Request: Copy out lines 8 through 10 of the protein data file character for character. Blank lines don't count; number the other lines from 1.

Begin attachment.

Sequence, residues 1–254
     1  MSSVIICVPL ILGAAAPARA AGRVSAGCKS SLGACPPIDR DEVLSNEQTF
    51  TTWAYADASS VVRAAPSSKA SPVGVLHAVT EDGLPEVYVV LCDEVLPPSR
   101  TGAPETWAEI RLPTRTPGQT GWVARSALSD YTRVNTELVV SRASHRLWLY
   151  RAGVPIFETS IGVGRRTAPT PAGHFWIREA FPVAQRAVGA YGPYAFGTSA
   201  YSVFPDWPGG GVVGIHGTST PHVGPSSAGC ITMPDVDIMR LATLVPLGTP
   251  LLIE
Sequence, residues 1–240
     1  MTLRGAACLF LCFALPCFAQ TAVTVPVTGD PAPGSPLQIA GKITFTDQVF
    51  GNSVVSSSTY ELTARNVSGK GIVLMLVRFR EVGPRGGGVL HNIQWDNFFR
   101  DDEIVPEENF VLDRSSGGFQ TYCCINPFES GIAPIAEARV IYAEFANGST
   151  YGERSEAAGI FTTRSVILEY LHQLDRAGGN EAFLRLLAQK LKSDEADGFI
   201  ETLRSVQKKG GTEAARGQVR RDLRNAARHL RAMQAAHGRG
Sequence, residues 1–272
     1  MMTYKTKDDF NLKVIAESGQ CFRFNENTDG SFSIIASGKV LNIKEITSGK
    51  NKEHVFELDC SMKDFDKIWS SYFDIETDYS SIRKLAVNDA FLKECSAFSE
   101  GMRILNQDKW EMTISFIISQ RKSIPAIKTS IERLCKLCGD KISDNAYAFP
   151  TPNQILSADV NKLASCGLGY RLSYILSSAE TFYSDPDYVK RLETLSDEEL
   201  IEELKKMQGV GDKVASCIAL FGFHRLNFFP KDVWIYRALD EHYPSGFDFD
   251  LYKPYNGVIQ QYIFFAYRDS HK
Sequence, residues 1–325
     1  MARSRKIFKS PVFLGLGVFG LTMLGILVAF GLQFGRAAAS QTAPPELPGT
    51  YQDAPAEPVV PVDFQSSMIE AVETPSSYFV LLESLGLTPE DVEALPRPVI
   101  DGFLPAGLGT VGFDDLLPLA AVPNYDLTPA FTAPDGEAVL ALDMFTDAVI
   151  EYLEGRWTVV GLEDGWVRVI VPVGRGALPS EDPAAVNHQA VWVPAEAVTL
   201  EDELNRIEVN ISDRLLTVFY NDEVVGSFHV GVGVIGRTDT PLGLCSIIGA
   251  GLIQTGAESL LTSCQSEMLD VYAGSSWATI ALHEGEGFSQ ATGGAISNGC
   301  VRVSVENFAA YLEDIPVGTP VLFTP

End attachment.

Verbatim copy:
Sequence, residues 1–240
     1  MTLRGAACLF LCFALPCFAQ TAVTVPVTGD PAPGSPLQIA GKITFTDQVF
    51  GNSVVSSSTY ELTARNVSGK GIVLMLVRFR EVGPRGGGVL HNIQWDNFFR